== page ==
Mobile patent warfare: Who's suing who and why

The biggest weapons in the smart phone and tablet wars aren't processors, operating systems or app stores. They're patents. Here's why.

Stuart Dredge
4 min read

The biggest weapons in the smart phone and tablet wars of 2011 aren't processors, touchscreens, operating systems or app stores. They're patents.

The last three years have been a blur of product and software innovation in the mobile industry, driven by the engineers at Apple, Google and numerous phone makers, as well as the talented developers making apps for their devices. Now the lawyers are making their presence felt. Who's suing who? It would be quicker to explain who's not suing who.

In fact, the legal situation around mobile patents has been so tangled for some time, people have had to resort to diagrams to make sense of it. Back in October, the Guardian and New York Times published a colourful flow chart festooned with arrows to show the interweaving lawsuits between Apple, Nokia, Motorola, Microsoft, HTC, Samsung, Google and the rest.

More recently in March, specialist blog FOSS Patents created a chart tracking only Android-related litigation in the previous 12 months, with 27 separate lawsuits.

The pace hasn't let up since, with Apple, Google and Microsoft the companies at the epicentre of the patent battlefield, although there are plenty of other combatants too. There are tens of thousands of patents relating to mobile phones and the software that runs on them, meaning that as a rule of thumb, most of these companies can at least have a crack at a patent infringement case against any of the others. And so they have.

Deals being cut

Whatever metaphor you use -- Cold War governments with nuclear missiles on standby or gangsters growling in a room while pointing loaded guns at one another -- the logical answer is thrashing out deals rather than mutually assured destruction. That's often been the conclusion, with often surreal implications. In May, industry blog Asymco calculated that Microsoft had made $150m from sales of HTC Android handsets, thanks to a settlement that gave it $5 per handset. At the time, Microsoft's total revenues from Windows Phone were thought to be a mere $30m.

The swirl of litigation has recently got more serious, though. Earlier this month, Apple won a temporary injunction barring the distribution of Samsung's Galaxy Tab 10.1 tablet across the EU, apart from in the Netherlands, where it had a separate case going -- in both cases focused on design rather than patent infringement.

Although that injunction has since been suspended, Apple has filed a deeper complaint that aims to remove every Galaxy-branded Android device from sale across Europe, including the Galaxy S smart phones. It's also training its sights on the Motorola Xoom.

So what's really going on here?

The official statements in most of these lawsuits are heavy on the faux-outrage, presenting the litigation as a principled stand against expensively developed intellectual property being wilfully stolen. And there's certainly an element of necessity to these lawsuits: if you have the patents, you're obliged to defend them (or license them).

But actually, a much bigger factor is the desire to take any steps possible to slow down rival companies in the current landgrab around the smart phone and tablet markets.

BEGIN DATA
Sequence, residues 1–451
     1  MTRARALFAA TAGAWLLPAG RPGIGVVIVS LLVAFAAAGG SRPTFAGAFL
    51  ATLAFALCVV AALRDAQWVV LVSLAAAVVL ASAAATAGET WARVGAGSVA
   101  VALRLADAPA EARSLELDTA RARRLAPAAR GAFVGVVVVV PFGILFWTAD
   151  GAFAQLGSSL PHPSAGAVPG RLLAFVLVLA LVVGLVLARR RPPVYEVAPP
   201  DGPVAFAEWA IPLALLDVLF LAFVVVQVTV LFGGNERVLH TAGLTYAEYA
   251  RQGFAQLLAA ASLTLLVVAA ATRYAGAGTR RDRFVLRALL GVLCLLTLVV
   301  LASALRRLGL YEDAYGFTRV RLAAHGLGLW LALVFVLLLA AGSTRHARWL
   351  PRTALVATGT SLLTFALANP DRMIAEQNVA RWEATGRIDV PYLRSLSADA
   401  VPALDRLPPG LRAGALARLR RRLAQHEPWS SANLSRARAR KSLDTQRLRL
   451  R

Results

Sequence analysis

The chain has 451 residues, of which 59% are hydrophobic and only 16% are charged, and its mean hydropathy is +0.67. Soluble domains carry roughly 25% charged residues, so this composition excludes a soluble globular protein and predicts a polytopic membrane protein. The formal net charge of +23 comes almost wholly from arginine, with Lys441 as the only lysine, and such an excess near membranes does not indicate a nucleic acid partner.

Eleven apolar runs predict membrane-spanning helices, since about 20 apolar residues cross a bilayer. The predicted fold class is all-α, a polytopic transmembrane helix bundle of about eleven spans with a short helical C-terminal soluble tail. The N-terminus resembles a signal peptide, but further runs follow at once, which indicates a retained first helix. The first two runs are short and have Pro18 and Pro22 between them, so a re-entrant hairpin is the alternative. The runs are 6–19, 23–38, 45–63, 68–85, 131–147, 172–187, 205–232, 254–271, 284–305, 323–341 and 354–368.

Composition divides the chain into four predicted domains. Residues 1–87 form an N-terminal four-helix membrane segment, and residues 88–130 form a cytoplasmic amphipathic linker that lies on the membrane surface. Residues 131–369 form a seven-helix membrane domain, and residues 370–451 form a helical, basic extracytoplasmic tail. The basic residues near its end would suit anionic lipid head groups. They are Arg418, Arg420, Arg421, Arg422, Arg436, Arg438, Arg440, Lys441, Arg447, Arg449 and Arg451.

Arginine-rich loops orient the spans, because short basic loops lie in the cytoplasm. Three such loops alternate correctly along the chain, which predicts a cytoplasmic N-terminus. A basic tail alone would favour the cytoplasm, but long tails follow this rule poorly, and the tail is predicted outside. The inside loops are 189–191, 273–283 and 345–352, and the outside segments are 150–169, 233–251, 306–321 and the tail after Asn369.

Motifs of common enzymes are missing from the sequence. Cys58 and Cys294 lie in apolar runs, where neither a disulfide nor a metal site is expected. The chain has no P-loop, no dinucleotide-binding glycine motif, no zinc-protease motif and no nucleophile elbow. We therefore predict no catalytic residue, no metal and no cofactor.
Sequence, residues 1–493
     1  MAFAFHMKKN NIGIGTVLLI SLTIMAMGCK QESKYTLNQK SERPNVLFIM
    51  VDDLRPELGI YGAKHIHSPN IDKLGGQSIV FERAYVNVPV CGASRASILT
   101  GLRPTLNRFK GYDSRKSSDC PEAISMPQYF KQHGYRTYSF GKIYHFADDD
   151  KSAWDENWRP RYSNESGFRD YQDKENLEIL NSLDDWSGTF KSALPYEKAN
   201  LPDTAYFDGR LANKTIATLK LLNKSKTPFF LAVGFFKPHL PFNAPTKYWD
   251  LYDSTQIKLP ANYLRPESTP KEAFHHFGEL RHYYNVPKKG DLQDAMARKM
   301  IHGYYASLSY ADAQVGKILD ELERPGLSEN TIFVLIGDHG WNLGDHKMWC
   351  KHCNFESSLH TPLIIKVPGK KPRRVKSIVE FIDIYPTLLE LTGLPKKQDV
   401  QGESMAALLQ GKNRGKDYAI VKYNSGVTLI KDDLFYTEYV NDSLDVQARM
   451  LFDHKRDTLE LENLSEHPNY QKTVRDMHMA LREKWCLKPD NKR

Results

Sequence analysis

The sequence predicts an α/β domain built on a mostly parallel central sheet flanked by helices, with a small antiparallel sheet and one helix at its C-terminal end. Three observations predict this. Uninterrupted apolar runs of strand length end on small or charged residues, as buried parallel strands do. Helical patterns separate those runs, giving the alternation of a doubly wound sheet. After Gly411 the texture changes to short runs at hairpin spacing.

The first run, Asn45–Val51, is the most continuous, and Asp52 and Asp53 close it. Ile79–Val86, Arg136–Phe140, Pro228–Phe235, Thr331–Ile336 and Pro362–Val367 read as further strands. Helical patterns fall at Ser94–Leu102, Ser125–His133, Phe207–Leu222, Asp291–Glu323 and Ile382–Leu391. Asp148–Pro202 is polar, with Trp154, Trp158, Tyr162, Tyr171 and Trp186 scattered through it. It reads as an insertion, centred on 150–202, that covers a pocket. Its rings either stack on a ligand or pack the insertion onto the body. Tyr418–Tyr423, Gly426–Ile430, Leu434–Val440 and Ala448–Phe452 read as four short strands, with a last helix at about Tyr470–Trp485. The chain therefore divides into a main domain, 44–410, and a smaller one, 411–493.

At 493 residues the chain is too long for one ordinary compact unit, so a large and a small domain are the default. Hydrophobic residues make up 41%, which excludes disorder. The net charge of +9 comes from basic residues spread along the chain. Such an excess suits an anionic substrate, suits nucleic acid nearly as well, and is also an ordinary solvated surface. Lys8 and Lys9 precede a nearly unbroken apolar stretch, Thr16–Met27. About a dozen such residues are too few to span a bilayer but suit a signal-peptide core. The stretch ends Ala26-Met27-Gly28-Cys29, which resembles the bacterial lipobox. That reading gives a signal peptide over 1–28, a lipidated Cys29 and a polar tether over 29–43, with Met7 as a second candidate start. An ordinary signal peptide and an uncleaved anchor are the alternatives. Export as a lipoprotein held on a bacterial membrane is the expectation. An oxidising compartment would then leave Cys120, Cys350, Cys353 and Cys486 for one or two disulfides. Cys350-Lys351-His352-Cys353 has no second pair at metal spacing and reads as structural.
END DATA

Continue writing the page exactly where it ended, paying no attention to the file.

There is huge growth in both, as people buy their first tablet, and upgrade from a feature phone to something smarter. Much as we'd like to think technological innovation is the key to selling lots of devices, there's as much focus on litigation as a way to stop rivals from doing just that. Not least because if the goal is to get that rival to stump up licensing payments for every phone or tablet they sell, the prospect of those devices being removed from sale for even a month or two during this growth period is a handy lever to strike a deal.

Do you need to know or care about this?

If you're looking to buy a Galaxy Tab 10.1, it's pretty important. Otherwise, probably not. Most of these lawsuits will be settled either in or out of court in the end, with large sums of money changing hands before it ever gets to the point of products being whipped off the shelves.

Even so, the patent warfare is having some much more visible effects too. Google's announcement earlier this week that it's going to buy Motorola for £7.6bn is the perfect example. There are dozens of reasons why Google shouldn't buy Motorola, most importantly the risk of alienating its other Android manufacturer partners.

The only convincing reason to do the deal was to get its hands on Motorola's 17,000 patents, to defend Android against Apple, Microsoft and other big tech firms waving lawsuits. This, after Google lost out in a bidding auction for 6,000 patents from Nortel Networks in June this year to a group including Apple, Microsoft, BlackBerry makers RIM and Sony.

Now Google owns Motorola, which should at least mean some interesting smart phones a year or so down the line, and possibly means the likes of HTC and Samsung will start putting some weight behind non-Android phones, providing more choice for potential smart phone buyers. Meanwhile, Nokia -- caricatured for much of the year as an industry dinosaur lurching down the dumper -- suddenly looks like a red-hot potential acquisition. Why? When it settled its legal battle with Apple in June, it claimed to have more than 10,000 patent families -- not just individual patents.

It's dispiriting to think that one of the big factors governing the phones and tablets we'll be buying in 2012 and beyond will be the backroom machinations of industry lawyers in 2010 and 2011. Still, here's hoping we can soon get back to gawping at product shots of innovative new devices, rather than scratching our heads at patent battle flowcharts.